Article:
DAML request was granted by the UKFIU and intelligence disseminated, allowing an
LEA to covertly investigate the suspect. Intelligence within this DAML SAR and
subsequent investigation allowed the LEA to uncover connected subjects and identify an
organised crime group (OCG). The case is ongoing.
The UKFIU received a DAML request after a reporter sought to close a
customer’s account. The reporter observed similar transaction patterns in the account to those seen with OCG’s operating fraudulently from overseas.
LEA enquiries established that the customer was in fact a vulnerable person with disabilities. The UKFIU fast-tracked the DAML SAR to an LEA who provided safeguarding
advice to the customer and referred the case to various support agencies to assist. A reporter submitted a SAR following suspicions of money laundering on the account of a vulnerable elderly customer. The UKFIU was alerted to the SAR via a daily keyword search, allowing the SAR to be fast-tracked to the relevant LEA. The LEA provided a safeguarding visit to the customer, which revealed that the customer was the victim of an international romance fraud, losing significant funds to the fraud.
The LEA provided safeguarding advice to the customer and successfully encouraged the customer to cut off contact with the suspect to prevent further loss.
A SAR was submitted after a reporter suspected that funds were being taken from a nonagenarian vulnerable customer’s account by a relative who had Power of Attorney over the customer’s property and financial affairs and had taken significant funds from the vulnerable customer’s account for their own and others’ benefit. The SAR was fast-tracked by the UKFIU to the relevant LEA, resulting in a welfare check on the vulnerable customer.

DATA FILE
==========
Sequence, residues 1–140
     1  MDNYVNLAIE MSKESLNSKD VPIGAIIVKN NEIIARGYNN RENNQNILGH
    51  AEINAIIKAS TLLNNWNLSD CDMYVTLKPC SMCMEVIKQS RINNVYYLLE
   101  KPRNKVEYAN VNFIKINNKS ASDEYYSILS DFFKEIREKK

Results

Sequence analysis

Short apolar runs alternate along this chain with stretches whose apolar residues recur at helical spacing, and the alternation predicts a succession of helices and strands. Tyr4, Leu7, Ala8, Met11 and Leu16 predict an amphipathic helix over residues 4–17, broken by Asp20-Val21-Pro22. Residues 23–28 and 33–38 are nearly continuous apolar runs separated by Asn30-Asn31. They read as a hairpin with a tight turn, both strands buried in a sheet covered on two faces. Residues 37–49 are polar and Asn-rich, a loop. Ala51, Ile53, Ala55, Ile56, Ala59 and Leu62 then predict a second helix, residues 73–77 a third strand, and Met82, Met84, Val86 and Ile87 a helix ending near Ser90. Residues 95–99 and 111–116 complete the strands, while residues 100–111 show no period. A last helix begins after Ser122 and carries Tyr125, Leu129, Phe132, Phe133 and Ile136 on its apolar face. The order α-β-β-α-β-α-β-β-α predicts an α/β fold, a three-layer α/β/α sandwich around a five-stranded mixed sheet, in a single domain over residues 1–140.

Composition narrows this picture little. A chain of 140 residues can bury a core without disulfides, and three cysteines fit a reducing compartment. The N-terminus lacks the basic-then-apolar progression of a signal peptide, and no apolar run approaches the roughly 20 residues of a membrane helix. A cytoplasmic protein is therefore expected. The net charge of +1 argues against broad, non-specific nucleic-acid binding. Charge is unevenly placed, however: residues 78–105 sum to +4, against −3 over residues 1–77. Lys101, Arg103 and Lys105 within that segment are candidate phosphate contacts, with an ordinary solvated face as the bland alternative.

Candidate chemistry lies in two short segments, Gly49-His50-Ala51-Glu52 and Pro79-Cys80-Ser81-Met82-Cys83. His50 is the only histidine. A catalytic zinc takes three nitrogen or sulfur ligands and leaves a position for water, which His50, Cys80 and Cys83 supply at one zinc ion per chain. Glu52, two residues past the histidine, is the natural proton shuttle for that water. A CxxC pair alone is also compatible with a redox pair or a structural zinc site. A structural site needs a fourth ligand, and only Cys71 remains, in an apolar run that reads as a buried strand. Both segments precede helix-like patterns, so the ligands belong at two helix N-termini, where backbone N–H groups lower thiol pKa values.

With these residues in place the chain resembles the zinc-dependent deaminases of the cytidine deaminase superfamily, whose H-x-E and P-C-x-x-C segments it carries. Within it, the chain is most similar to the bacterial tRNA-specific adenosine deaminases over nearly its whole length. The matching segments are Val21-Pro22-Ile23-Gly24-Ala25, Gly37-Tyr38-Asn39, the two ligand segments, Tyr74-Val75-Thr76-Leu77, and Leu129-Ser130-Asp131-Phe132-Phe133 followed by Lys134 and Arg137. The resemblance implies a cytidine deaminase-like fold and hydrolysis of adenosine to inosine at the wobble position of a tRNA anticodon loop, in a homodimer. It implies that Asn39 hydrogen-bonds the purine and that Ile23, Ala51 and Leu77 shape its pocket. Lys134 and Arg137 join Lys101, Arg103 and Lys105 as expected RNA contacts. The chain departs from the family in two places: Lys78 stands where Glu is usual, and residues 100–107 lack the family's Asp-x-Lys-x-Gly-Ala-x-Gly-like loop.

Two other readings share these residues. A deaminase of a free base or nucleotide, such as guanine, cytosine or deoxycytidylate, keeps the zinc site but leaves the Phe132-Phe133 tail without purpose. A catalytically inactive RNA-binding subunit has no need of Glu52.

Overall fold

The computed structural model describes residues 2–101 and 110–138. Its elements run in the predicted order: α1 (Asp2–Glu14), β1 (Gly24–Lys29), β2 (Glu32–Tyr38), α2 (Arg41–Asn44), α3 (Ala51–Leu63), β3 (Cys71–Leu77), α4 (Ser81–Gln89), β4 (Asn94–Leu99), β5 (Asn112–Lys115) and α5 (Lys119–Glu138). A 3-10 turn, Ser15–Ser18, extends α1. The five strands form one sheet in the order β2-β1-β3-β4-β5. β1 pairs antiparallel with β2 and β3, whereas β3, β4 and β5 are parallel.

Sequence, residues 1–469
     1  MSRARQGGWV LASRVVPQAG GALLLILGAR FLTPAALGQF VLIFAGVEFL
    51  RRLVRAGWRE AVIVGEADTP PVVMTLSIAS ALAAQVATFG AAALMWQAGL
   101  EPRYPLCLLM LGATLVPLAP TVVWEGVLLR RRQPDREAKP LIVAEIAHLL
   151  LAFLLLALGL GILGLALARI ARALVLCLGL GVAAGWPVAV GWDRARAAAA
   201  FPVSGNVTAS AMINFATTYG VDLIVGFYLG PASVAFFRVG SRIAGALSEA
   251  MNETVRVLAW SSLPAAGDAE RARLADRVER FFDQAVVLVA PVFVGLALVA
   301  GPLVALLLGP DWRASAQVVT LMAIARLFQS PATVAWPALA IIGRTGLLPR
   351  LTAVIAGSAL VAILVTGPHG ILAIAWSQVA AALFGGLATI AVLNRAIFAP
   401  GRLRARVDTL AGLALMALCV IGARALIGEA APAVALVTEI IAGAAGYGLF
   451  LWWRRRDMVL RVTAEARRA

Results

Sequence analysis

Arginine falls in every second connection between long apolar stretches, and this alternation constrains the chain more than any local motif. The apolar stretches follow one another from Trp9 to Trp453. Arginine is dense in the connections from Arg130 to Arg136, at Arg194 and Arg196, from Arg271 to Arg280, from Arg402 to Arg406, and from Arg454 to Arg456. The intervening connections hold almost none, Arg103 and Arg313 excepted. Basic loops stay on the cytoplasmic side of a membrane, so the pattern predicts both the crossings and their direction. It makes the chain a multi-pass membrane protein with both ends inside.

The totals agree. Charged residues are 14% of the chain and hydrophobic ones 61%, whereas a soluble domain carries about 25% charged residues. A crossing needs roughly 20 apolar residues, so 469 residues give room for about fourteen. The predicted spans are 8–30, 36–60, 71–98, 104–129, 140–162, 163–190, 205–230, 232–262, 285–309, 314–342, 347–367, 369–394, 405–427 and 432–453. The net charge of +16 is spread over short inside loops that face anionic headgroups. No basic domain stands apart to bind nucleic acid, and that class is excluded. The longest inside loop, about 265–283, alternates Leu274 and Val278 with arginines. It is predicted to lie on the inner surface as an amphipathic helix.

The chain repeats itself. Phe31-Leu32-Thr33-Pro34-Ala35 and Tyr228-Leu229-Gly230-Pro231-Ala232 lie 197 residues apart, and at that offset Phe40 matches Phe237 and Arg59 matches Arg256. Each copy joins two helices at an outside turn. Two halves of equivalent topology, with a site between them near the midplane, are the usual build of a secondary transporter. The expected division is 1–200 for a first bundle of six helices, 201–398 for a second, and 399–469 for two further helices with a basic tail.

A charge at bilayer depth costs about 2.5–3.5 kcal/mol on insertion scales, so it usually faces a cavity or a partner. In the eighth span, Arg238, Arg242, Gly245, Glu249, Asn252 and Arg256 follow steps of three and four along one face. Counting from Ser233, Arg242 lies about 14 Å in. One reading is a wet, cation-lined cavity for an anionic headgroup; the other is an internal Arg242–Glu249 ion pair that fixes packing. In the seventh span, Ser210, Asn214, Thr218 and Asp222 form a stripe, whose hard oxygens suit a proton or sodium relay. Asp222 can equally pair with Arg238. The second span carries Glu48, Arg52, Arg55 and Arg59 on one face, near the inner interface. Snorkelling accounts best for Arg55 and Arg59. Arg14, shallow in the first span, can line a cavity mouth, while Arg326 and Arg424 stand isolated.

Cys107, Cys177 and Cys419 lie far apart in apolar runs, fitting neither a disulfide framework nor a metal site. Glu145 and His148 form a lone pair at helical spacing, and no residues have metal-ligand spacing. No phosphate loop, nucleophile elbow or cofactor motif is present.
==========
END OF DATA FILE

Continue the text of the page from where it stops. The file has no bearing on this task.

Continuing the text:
Safeguarding measures have been put in place, and a report has been submitted to the
Office of the Public Guardian for potential abuse of position by the Power of Attorney.
A SAR was submitted by a reporter after funds from a victim of a cryptocurrency scam
were traced to an account held by one of their customers. Over £80,000 had been
transferred through this account within a few months. This money had then been sent to
other accounts which had links to a cryptocurrency fraud. The customer’s account was
deactivated and related accounts were blocked by the reporter. Law enforcement officers
visited the customer and established that the customer had also been a victim of the scam,
and had lost over £25,000 of their own money. The case has been reported to Action
Fraud for further investigation.
A DAML request was submitted after the reporter decided to exit
a relationship with a customer who had been subject to inquiries by an
LEA that had resulted in allegations of fraud. The funds were believed to have originated from fraud outside of the UK. The UKFIU denied the DAML request and the case was forwarded to the relevant LEA who obtained an AFO for funds in excess of £10,000, which were subsequently forfeited.
The UKFIU received multiple DAML SARs connected to an ongoing investigation by
international LEAs into a huge multinational fraud case impacting countries overseas and the
- The UKFIU was able to fast-track the SARs, which identified accounts, associates and
companies of interest related to the case, to the investigating LEA within the UK. Information
within these SARs revealed details of individuals and companies who were suspected of
being part of a money laundering network at the centre of the ongoing international
investigation and assisted with the compilation and submission of a restraint application to
the Crown Prosecution Service. Funds in excess of $90m have been seized relating to the
investigation with further enquiries still ongoing.
A DAML request alerted law enforcement to a suspected large scale fraud in which thousands
of victims had unwittingly authorised payments from their bank accounts. The DAML request
was refused enabling an LEA to obtain an AFO for funds exceeding £1m which are in the
process of being forfeited. Enquiries are ongoing.
February 23, 2023 Published by The UK Financial Intelligence Unit. (Download Report PDF)